The arrival of the Anthropocene as a proposed new global era; a call to re-wild deer-stalking areas in Scotland; how 'play dead' saved a dog's life.
Scientists on verge of declaring the ‘Anthropocene’ as new epoch in the Earth’s history
Some 3.5 billion years after life began on Earth, scientists look set to declare that we’re in the first ecological chapter in history created by Man – an era that represents the first where mankind is the dominant influence on the climate and environment.
The idea that we’re now in an ‘Anthropocene’ epoch (from the Ancient Greek anthropos meaning ‘man’ and kainos meaning ‘new’) is a couple of decades old, but it’s on the verge of widespread acceptance. Professor Jan Zalasiewicz of the University of Leicester has chaired a panel of experts that has spent the last decade reviewing evidence to decide if the concept has merit – and a positive vote was passed last week. ‘We look at the issue dispassionately and honestly,’ said Prof Zalasiewicz. ‘Geology is quite good at that: the rocks don’t lie… We’re all too aware of the wider significance of what the Anthropocene is.’
A legendary performance
A video from Hwange National Park in Zimbabwe shows a painted dog pulling off the greatest escape of its young life. Caught in the jaws of a fierce lioness and surrounded by gamekeeper’s vans watching the scene, the young pup remained calm and still until the lioness placed him down to attack one of his pack mates. Much to the surprise of onlookers, he then jumped up and ran away. Both dogs escaped the lioness.
Painted Dog Conservation claim that there are fewer than 7,000 painted dogs left in the wild, spread out over 14 countries – these two wily escape artists have earned their place in their number.
A Scottish solution to climate change proposed by a Brazilian
An article in The Scotsman suggests that Scotland re-wilds land used for sporting activities — and in particular deer stalking, which apparently occupies 1.8 million hectares of Scottish countryside.
‘Rewilding this landscape with natural forests, and restoring and protecting peatlands, would not only have climate benefits, it could also create numerous economic benefits for both land owners and communities,’ claims the article’s author, Pedro Moura Costa.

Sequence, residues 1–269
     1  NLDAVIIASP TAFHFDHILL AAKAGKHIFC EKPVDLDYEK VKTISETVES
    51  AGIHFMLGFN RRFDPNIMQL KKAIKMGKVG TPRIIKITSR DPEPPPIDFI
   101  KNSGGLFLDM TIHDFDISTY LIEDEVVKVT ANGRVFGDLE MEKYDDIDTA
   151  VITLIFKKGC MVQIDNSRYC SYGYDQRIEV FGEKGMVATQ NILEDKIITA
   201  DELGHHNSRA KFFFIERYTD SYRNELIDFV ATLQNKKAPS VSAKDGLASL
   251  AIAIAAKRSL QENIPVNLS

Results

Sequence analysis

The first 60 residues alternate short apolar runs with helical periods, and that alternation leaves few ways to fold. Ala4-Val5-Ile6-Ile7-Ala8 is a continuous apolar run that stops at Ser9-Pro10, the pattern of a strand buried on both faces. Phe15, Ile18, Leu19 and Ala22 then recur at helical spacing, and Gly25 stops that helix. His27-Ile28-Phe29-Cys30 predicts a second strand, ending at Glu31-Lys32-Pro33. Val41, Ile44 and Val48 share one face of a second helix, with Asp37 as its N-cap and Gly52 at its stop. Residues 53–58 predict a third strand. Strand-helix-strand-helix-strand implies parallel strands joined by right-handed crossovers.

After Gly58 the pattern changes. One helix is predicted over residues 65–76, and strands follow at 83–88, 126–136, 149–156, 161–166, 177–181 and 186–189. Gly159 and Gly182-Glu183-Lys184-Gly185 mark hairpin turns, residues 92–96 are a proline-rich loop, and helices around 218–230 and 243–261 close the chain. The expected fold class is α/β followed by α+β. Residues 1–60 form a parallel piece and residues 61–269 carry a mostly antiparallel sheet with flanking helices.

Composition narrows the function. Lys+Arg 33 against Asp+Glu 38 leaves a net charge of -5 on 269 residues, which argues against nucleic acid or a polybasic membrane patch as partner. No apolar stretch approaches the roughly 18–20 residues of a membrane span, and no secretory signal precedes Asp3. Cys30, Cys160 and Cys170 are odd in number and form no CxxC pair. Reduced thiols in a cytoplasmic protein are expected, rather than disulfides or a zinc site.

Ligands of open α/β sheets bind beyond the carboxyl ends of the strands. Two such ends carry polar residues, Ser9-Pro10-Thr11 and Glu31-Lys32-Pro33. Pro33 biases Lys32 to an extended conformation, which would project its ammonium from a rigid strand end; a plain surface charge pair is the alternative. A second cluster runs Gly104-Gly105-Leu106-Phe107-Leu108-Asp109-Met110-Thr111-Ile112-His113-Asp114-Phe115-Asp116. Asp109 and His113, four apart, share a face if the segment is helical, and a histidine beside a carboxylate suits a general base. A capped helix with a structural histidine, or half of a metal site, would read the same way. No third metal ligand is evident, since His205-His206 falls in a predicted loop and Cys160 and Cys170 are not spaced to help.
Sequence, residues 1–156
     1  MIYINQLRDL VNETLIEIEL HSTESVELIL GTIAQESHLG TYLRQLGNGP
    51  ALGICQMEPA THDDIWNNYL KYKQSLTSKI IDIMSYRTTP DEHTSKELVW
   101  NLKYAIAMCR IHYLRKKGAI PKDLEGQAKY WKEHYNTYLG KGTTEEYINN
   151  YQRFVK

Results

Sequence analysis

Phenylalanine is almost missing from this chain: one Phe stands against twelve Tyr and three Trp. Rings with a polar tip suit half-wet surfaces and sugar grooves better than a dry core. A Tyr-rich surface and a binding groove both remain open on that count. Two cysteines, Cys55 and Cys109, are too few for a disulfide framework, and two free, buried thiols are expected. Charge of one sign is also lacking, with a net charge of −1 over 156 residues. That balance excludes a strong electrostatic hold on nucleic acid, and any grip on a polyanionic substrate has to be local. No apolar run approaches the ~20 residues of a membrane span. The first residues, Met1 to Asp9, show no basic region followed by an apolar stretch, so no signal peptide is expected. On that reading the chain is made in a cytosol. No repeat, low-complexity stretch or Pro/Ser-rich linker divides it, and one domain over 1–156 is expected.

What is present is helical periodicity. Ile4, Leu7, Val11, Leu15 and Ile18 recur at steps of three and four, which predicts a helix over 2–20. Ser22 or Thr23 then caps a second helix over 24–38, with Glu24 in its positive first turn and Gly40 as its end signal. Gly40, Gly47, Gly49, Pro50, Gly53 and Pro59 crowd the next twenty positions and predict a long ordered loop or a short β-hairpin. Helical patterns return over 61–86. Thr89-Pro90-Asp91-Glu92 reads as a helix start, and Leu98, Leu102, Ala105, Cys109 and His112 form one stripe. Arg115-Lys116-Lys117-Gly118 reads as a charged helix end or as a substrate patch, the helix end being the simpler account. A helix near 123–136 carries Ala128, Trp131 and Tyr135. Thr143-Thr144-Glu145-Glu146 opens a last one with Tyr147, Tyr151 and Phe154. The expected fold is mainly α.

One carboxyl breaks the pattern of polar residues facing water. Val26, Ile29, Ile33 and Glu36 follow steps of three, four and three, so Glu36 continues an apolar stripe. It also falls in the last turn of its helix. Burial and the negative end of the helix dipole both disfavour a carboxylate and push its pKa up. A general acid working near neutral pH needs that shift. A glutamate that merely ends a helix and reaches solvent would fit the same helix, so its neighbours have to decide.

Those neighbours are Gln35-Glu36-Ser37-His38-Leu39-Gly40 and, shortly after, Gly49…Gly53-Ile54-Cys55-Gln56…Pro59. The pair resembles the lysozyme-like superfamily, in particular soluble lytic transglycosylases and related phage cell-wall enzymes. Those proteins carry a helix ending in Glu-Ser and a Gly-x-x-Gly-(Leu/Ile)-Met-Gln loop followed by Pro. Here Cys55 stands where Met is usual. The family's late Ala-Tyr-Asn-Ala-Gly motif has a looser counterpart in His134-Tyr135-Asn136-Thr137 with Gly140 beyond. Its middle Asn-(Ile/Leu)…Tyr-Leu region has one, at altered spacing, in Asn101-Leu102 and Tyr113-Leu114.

In his author note, Mr Moura Costa is credited not as a climate scientist but instead as a Brazilian investment manager, chief executive of a firm named ‘Sustainable Investment Management’. Which makes the whole thing feel a bit like a Saudi banker coming to Britain to tell us off for the state of our offshore wind farms…
Quote of the day
‘We are all in the gutter, but some of us are looking at the stars.’
– Oscar Wilde, Lady Windermere’s Fan
Entire Roman town discovered next to a motorway in Kent
The remains of an entire Roman town have been found next to a motorway in Kent. The 18-acre settlement contains rare coins, pottery and jewellery which dates back to as early as 43 AD. A seven-metre-wide road was also found, as well as the remains of a temple, both of which prove that the A2 wasn’t the only major Roman road in the region.
‘This is very exciting.’ Said Dean Coles, chairman of the Newington History Group. ‘The scale of this site, with the huge number and quality of finds, changes our knowledge of Newington’s development.’
Two recipes to try out on National Hamburger Day
Today is (some may say preposterously) Hamburger Day so to celebrate, here are two mouthwatering burger recipes to cook tonight.
And finally – a whale politely fights back against accidental pollution…
‘You can have this back, thank you.’
In today's news round-up, we look at the latest efforts to tackle plastic pollution; worrying update on what might happen
Fungi has been discovered that could change the story of how life evolved; an insider's guide to spotting seals; how
The Kennel Club have released their latest stats on dog registration; the RHS are warning about a potential new garden
This morning we report hope in the fight against box caterpillars, take a look at what really happens when wolves